My mother is a woman of great emunah (faith).  She has taught me about the power of personal tefilla (prayer), both from the siddur (Jewish prayer book) and spontaneously from the heart.   My mother is a criminal lawyer who often compares the courtroom in this world to the heavenly court that will greet us in the next world.  She utters a spontaneous prayer before going into her court cases and davens (prays) with great kavana (concentration) for herself, her family and those who need tefillos (prayers).  I feel that her tefillos are powerful because of her intense belief and confidence that her prayers will be answered.     My mother expresses constant gratitude to G-d for all that she has and for everything that is good and beautiful in our world.

When I look in the mirror, I see someone who has been raised by my mother, but has much still to learn and emulate.

Thanks, Mom, for all that you are and all that you do. 

Happy Mother’s Day!


“Love Your Neighbor as Yourself”: Inspiration from my return flight from Israel

I fly long-haul flights often enough to cringe when I contemplate the discomfort, dysfunctionality and sheer exhaustion of being in the air with so many other people in such close proximity.  I shudder when I think of the passengers who are rude and inconsiderate and the all-too-often “I’m in it for myself” attitude of those flying with 200+ strange cabin-mates for all those hours.

I expected the flight back from Israel this past week to be no different.   (more…)

Divine Challah: Blessings to Nourish the Soul

Bread is considered a staple of the human diet, a true symbol of our material existence. There is something about the preparation and aroma of bread that is heavenly.  To bridge the gap between the material and spiritual worlds,  when preparing bread, we are commanded to set aside a piece for G-d.   The Torah (Numbers 15:17-21) says: “…It shall be that when you eat the bread of the land, you shall set aside a portion [of dough] for God.”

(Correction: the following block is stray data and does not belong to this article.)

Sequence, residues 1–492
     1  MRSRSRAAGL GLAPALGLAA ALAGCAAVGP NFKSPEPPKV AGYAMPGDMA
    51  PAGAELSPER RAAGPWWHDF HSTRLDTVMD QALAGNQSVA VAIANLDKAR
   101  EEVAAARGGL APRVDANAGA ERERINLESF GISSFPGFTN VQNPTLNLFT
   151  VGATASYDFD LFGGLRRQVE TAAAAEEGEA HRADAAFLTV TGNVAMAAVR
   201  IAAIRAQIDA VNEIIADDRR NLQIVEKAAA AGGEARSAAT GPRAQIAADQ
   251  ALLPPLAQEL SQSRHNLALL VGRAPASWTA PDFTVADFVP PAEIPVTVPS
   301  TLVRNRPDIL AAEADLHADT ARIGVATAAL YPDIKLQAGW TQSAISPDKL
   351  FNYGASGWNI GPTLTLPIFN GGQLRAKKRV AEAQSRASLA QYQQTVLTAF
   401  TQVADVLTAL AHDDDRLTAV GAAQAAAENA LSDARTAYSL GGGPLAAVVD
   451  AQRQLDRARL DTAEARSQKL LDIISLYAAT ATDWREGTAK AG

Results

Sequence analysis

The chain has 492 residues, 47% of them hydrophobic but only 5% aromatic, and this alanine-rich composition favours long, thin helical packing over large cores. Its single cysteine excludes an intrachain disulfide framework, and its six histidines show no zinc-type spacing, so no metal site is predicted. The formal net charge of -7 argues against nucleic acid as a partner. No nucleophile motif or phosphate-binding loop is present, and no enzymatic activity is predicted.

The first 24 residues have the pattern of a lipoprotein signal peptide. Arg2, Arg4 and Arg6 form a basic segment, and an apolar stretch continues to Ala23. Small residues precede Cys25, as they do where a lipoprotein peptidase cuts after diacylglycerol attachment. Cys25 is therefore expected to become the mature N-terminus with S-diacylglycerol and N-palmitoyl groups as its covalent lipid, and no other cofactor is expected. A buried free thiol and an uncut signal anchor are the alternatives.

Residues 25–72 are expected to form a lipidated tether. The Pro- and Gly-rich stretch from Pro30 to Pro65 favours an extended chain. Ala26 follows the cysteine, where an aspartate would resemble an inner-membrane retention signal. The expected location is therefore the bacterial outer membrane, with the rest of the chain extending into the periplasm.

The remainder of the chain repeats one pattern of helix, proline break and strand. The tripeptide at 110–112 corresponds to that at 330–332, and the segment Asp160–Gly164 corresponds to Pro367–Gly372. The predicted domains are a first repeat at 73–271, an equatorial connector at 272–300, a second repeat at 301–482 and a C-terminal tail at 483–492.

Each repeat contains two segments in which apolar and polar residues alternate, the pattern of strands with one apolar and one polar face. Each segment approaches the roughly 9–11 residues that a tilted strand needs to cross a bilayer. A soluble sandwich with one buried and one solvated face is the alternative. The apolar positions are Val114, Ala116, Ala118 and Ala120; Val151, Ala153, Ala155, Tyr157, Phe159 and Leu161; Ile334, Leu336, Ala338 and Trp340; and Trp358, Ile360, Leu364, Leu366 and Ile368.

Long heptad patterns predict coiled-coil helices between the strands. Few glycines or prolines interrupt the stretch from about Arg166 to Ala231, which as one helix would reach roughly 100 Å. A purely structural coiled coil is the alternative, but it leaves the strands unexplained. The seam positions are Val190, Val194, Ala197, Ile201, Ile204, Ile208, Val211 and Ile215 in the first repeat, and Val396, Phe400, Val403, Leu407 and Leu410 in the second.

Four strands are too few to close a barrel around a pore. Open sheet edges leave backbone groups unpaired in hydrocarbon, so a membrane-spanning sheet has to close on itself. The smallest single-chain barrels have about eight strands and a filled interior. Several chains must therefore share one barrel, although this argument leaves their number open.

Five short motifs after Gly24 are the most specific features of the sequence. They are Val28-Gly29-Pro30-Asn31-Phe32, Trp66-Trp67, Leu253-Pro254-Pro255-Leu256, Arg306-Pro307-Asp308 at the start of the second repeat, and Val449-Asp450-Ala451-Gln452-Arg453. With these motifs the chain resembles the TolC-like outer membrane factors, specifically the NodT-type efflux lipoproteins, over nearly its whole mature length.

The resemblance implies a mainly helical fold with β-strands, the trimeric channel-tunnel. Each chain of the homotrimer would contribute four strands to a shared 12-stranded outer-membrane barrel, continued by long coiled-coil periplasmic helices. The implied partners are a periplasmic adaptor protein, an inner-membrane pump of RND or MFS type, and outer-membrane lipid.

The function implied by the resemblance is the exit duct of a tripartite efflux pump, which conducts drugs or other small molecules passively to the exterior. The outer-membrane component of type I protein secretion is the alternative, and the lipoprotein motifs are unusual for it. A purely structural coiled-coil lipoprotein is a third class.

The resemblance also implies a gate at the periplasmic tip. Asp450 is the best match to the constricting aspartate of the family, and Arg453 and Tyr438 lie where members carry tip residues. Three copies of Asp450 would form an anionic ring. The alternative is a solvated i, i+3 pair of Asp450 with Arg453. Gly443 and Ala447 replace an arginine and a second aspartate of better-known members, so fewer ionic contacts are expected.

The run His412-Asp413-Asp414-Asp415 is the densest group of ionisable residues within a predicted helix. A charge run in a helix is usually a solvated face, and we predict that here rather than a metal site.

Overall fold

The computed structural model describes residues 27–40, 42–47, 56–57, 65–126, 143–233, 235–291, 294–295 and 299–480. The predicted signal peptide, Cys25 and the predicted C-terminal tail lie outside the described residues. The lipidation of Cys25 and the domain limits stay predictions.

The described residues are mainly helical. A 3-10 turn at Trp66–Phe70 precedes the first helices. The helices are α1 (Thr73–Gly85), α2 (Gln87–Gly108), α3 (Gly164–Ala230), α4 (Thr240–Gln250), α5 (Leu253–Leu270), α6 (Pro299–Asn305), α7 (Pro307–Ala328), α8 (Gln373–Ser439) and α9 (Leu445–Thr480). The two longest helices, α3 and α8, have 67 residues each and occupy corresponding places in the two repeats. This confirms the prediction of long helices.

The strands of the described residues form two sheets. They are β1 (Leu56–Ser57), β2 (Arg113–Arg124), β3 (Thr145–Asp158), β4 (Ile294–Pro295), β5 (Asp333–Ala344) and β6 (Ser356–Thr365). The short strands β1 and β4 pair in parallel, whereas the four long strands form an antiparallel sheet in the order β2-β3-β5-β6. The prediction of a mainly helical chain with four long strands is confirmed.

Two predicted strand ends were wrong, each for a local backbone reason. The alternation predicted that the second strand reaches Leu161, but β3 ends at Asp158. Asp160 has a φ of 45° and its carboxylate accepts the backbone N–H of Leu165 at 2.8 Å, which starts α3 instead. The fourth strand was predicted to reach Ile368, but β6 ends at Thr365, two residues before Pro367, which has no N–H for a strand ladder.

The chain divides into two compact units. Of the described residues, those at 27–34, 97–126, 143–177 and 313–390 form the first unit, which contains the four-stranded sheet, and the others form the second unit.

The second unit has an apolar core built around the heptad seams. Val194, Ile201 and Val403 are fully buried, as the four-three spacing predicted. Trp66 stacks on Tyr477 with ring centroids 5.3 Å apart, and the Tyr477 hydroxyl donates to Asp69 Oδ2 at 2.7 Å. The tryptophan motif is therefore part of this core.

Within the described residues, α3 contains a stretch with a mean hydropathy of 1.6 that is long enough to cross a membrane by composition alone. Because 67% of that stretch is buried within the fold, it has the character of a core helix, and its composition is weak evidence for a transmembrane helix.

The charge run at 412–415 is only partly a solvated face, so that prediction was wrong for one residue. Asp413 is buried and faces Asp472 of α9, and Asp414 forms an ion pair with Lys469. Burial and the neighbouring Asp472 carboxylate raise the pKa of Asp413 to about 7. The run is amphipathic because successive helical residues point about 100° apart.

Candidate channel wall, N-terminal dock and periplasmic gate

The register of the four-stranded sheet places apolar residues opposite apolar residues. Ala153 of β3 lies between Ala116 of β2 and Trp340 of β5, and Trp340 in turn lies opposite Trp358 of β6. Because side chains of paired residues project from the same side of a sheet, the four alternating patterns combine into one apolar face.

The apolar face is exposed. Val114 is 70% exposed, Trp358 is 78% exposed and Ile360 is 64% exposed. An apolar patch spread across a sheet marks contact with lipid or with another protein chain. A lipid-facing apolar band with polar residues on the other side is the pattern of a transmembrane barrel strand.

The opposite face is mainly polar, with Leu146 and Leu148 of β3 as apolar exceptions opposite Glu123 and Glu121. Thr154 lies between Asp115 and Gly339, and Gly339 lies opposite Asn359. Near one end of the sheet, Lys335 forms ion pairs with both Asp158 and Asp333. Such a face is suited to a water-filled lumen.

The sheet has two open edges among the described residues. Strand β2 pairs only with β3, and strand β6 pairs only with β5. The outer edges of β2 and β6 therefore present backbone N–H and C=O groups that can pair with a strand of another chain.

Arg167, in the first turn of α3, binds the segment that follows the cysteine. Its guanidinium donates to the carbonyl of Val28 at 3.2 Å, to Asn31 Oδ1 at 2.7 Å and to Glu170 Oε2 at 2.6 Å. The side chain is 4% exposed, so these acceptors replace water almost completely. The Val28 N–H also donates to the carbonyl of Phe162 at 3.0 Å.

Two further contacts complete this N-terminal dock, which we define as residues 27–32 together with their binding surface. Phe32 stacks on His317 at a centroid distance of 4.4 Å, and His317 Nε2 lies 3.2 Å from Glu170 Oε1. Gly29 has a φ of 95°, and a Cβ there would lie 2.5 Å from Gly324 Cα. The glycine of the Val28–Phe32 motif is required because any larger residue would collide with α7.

Challah is what we call the special piece of bread that we set aside when we prepare bread dough. It is the same name that we give to our  Shabbos bread.  The word challah is derived from the word chol,  meaning ordinary.  God expects us to take the most ordinary staple and use it to nourish both our body and soul.

It is precisely for that reason that we are commanded to set aside a piece of our bread dough for G-d when we prepare a minimum of five pounds of bread.

After the dough has risen and before forming it into loaves or rolls, place all the dough in front of you and say the following blessing:


ברוך אתה י-י אלקינו מלך העולם אשר קדשנו במצוותיו וציונו להפריש חלה

Ba-Ruch  A-tah  A-do-noi  Elo-hai-nu  Me-lech  Ha-O-Lam  A-sher  Ke-di-sha-nu Be-mitz-vo-sav   Ve-tzi-va-nu   Le-Haf-rish   Cha-lah

Blessed are You, our G‑d, King of the Universe, who has sanctified us with His commandments and commanded us to separate challah.


Separate a walnut-size piece of challah.  You may now add a personal prayer in whatever language you prefer.

Keep the blessed piece of challah separate from the rest of the dough and  either wrap it in two layers and carefully discard or wrap in foil and bake separately until charred, then discard.